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Case 1:10-cv-00629-GJQ-HWB Doc #48 Filed 09/19/13 Page 1 of 3 Page ID#744

UNITED STATES DISTRICT COURT

FOR THE WESTERN DISTRICT OF MICHIGAN

SOUTHERN DIVISION

__________________________

WILLIAM G. SUTHERLAND,

Petitioner,

v.

RAYMOND BOOKER,

Respondent.

_________________________/

Case No. 1:10-CV-629

HON. GORDON J. QUIST

MEMORANDUM ORDER ADOPTING REPORT AND RECOMMENDATION

Petitioner, William J. Sutherland, has filed Objections to Magistrate Judge Hugh

Brenneman’s Report and Recommendation (R&R) issued August 21, 2013, recommending that this

Court deny Petitioner’s habeas petition.

Petitioner raised the following claims in his petition: (1) Petitioner was denied due process

based on prosecutorial misconduct; (2) Petitioner was denied due process when a witness lied on

the stand; (3) Petitioner was denied the effective assistance of trial counsel; and (4) Petitioner was

denied the effective assistance of appellate counsel. The magistrate judge found that the first three

claims were procedurally defaulted and thus not subject to habeas review. He determined that the

final claim should be denied because Petitioner failed to overcome the presumption that counsel

rendered adequate assistance. See Strickland v. Washington, 466 U.S. 668, 687 (1984).

Petitioner objects to the R&R on the ground that the description of the evidence presented

at trial was inaccurate. Petitioner further states that the R&R contains two additional errors, but that

Case 1:10-cv-00629-GJQ-HWB Doc #48 Filed 09/19/13 Page 2 of 3 Page ID#745

he is unable to address these errors due to health problems. He requests that the Court stay the

proceedings or appoint counsel.

Pursuant to 28 U.S.C. § 636(b)(1), this Court is required to review de novo those portions

of the R&R to which specific objections have been made. The Court may accept, reject, or modify

any or all of the magistrate judge’s findings or recommendations. Id. After conducting a de novo

review of the R&R, and having considered Petitioner’s Objections and his petition, the Court

concludes that the R&R should be adopted.

Petitioner’s objection, which is based on a description of the evidence introduced at trial,

fails to address the rationale for the magistrate’s recommendation. The evidence discussed is

irrelevant to the determination that Petitioner’s first three claims are procedurally barred. Moreover,

it has no bearing on whether appellate counsel rendered adequate assistance.

Finally, the Court rejects Petitioner’s request that the Court stay the proceedings or appoint

counsel to enable Petitioner to file additional objections. Petitioner has filed an extensive petition

and numerous exhibits. There is nothing in these documents to suggest that Petitioner has a

meritorious argument to refute the magistrate’s conclusions. Thus, appointment of counsel would

not be appropriate. See Lavado v. Keohane, 992 F.2d 601, 606 (6th Cir. 1993) (noting that

appointment of counsel is justified only by “exceptional circumstances,” and is not appropriate when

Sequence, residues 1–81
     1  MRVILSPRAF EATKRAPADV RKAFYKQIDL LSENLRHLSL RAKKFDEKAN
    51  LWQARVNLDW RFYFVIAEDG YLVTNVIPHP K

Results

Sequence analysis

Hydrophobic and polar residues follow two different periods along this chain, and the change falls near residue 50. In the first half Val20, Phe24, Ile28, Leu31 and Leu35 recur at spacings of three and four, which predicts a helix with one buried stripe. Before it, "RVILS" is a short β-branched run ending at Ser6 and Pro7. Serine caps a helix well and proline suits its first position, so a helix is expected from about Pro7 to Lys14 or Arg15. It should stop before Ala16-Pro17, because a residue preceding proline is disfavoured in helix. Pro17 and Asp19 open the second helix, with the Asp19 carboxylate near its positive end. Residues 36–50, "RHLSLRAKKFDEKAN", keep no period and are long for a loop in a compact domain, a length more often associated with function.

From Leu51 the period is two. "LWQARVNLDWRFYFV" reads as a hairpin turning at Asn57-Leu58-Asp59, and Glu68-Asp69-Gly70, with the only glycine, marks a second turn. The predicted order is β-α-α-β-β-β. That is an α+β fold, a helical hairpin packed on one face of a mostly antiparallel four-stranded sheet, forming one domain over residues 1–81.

a pro se litigant’s chances of success are extremely slim). Moreover, a stay would unnecessarily

prolong these proceedings.

Under 28 U.S.C. § 2253(c)(2), the Court must also determine whether a certificate of

appealability should be granted. A certificate should issue if Petitioner has demonstrated a

“substantial showing of a denial of a constitutional right.” 28 U.S.C. § 2253(c)(2). The Sixth

Circuit has disapproved issuance of blanket denials of a certificate of appealability. Murphy v. Ohio,

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263 F.3d 466, 467 (6th Cir. 2001). Rather, the district court must “engage in a reasoned assessment

of each claim” to determine whether a certificate is warranted. Id. at 467. Each issue must be

considered under the standards set forth by the Supreme Court in Slack v. McDaniel, 529 U.S. 473,

120 S. Ct. 1595 (2000). Murphy, 263 F.3d at 467. Therefore, the Court has considered Petitioner’s

claims, including his objections, under the Slack standard.

Under Slack, 529 U.S. at 484, 120 S. Ct. at 1604, to warrant a grant of the certificate, “[t]he

petitioner must demonstrate that reasonable jurists would find the district court’s assessment of the

constitutional claims debatable or wrong.” For the reasons stated above, the Court finds that

reasonable jurists could not find that this Court’s denial of Petitioner’s claims was debatable or

wrong. Thus, the Court will deny Petitioner a certificate of appealability. Therefore,

IT IS HEREBY ORDERED that the Magistrate Judge's Report and Recommendation

issued August 21, 2013 (dkt. no. 42) is APPROVED AND ADOPTED as the Opinion of this Court,

and Petitioner’s Objection (dkt. no. 46) is OVERRULED.

IT IS FURTHER ORDERED that Petitioner’s habeas corpus petition is DENIED.

IT IS FURTHER ORDERED that a certificate of appealability is DENIED by this Court.

A separate judgment will issue.

/s/ Gordon J. Quist

GORDON J. QUIST

UNITED STATES DISTRICT JUDGE

Dated: September 19, 2013

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